This post was originally published on The HuffPost Blog.
Every good marketer knows that keeping up with new forms of selling your brand is essential. But it’s tough to keep up with social media. So let’s dip our toes into the two most obvious choices for your next campaign: SnapChat and Instagram.
If you’re marketing to a younger audience, especially between 18 and 24, these two channels provide the greatest opportunity in the current battle of tech-savvy first innovators.
In order to get a better understanding of each platform and predict what the future holds for advertisers, let’s first focus on where each platform stands today.
How does Instagram measure up?
Since its inception in 2010, Instagram has continued to break barriers of image sharing. The interface is simple. Users share, like and post about photographs that serve as a curated story of each user.
In 2012, Instagram became fully integrated with Facebook, making it easy to share and post between both of the user’s profiles. It also offers both private and public posting options while Snapchat focuses mostly on private communication methods.
At of the end of 2016, the app celebrated 500 million monthly active users and 95 million photos and videos posted per day. These are impressive numbers and positions Instagram as an obvious choice for advertisers by sheer reach alone.
What’s the potential for advertising content?
Instagram can be especially beneficial for consumer brands in that it provides a unique way to showcase products. At the same time, companies can provide an inside look at a brand’s identity.
A game changer is that Instagram’s advertising platform is closely linked to Facebook’s ad offerings. In fact, when you create a Facebook ad, you have the option to include Instagram as a platform.
It’s important to note that, with the recently added Instagram stories, the interface has created an opportunity to advertise with urgency and mimic the effects of SnapChat.
What about SnapChat?
Only about a year after the advent of Instagram, SnapChat uncovered the desire for the unedited private feed. Snap features quick-hit shareable life moments that disappear from the cosmos after only 10 seconds. It now boasts over 8 Billion video views per day.
Snapchat’s initial offering of disappearing posts and messages has since gone through a few iterations. This type of interaction is quick and sometimes impulsive, which caters to the interests of its core users.
So can advertisers capitalize on this urgency?
Facilitation of private messages makes it harder to craft a well-thought out brand story. In fact, for users to discover new accounts from brands, they need to come across a Snapcode or the promotion of the account on a different network.
But Snap’s manifest density of counteracting the “edited life” and niche for instant gratification provides unique and fun options for advertisers that few other channels can offer.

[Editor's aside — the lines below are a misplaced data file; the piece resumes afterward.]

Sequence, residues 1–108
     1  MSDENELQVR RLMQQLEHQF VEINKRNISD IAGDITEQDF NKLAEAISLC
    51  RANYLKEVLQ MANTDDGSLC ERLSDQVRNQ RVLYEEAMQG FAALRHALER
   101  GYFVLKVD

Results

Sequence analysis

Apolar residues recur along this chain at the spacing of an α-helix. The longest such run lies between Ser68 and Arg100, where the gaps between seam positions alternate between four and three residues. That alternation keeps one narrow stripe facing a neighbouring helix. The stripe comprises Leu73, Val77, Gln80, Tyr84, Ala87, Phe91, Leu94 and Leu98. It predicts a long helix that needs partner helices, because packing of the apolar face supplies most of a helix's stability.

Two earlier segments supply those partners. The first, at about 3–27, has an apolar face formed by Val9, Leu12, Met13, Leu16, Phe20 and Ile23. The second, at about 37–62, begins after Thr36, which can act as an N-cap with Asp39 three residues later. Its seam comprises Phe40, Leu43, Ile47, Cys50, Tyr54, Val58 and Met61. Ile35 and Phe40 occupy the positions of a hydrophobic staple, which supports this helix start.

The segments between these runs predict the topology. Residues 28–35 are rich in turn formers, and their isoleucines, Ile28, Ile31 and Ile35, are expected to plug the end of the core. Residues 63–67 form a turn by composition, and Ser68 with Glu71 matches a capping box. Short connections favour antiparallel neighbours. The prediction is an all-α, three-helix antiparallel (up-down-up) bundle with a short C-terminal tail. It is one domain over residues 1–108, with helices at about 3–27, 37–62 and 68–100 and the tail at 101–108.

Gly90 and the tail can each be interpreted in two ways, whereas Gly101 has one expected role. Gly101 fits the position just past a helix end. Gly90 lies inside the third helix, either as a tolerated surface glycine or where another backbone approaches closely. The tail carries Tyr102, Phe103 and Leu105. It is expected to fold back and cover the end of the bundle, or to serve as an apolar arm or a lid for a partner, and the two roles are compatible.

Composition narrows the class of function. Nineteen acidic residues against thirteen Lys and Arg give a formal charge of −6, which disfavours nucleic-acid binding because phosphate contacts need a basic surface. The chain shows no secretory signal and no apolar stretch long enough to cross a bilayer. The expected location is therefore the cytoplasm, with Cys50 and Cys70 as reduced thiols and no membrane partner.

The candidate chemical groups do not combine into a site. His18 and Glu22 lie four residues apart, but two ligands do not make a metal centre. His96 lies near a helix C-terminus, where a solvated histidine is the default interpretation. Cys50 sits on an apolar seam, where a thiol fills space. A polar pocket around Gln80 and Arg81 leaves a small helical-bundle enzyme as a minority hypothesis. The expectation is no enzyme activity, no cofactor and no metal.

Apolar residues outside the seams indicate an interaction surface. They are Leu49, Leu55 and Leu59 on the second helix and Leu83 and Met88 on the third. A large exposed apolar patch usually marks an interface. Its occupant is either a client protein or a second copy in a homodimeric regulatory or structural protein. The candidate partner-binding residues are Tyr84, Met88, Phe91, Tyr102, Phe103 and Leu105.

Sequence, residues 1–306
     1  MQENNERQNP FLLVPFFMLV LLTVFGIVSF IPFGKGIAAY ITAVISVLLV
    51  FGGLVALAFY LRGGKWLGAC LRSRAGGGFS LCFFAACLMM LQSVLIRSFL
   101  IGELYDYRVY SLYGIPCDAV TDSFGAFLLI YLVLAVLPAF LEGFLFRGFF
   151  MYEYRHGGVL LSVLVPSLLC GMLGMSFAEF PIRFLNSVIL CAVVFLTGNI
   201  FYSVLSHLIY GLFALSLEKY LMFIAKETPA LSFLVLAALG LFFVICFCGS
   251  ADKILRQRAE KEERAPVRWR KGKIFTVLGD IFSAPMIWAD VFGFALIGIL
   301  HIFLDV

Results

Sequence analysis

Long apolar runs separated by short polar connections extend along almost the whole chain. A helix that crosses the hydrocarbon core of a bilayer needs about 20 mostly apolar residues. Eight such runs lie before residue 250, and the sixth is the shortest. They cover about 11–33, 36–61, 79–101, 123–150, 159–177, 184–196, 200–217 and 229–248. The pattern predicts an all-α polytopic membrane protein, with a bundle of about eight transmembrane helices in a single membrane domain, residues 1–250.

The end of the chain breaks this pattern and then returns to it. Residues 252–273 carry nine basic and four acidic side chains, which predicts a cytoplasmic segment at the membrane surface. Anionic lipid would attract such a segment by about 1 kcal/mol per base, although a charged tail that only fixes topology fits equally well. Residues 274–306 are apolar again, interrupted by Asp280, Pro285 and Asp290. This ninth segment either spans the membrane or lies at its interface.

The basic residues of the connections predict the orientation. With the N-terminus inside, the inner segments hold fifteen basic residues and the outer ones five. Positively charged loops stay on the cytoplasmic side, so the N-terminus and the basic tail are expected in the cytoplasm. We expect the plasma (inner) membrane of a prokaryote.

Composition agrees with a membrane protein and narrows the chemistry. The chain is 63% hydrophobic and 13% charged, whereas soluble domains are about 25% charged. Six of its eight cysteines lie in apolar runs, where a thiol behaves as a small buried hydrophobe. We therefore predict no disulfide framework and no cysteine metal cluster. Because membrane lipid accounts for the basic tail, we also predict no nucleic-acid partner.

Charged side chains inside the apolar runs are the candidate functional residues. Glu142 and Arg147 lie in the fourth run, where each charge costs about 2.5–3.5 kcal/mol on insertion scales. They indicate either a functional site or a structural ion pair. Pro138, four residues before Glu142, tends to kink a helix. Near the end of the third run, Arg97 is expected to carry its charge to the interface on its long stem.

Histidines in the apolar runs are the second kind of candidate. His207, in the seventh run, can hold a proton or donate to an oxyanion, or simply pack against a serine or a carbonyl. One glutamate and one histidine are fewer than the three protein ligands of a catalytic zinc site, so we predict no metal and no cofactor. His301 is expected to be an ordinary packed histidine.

Rule number one: Don’t sleep on the filters. No matter what campaign you are running, always include a custom filter. They range from simple, well-designed labels to whacky augmented reality facial distortions.
As of now Boomerang posts and their newest feature, Carousel posts, have made it more marketer friendly. Having the ability to upload multiple photos and videos provides brands with a way to introduce storytelling into their posts.
Okay, so which app should your brand invest in?
Deciding which app to spend money on depends on your preferred type of media (photo or video), your industry and the size of your business.
Instagram offers a wider selection of engagement methods and a more robust targeted advertising platform, courtesy of Facebook. But for businesses that are interested in building an audience that is more relationship-based, Snapchat would be a better choice.
Consider too that quality images are cheaper to create rather than high-quality videos, which will be required when Snapchat advertising is released to the masses.
So how can we get started?
As with any new social network, be sure to fully observe brands in action before starting off on your own. Collect brand photos together and make sure your messaging strategy is full-up.
If your business is on the smaller side and you are shooting for awareness, focus on building your brand identity first. And since you probably already have a Facebook page, keep your tone and messaging consistent. Users gravitate to brands that remain authentic and reliably provide the same type of content the user followed them for in the first place.
Perhaps the best advice is to hire someone who knows these apps like the back of their hand to cultivate the content and run the accounts. Just make sure they know exactly what you want your brand to say.
Contact the social gurus at Rebuild Group today to make the most of a new era of social advertising.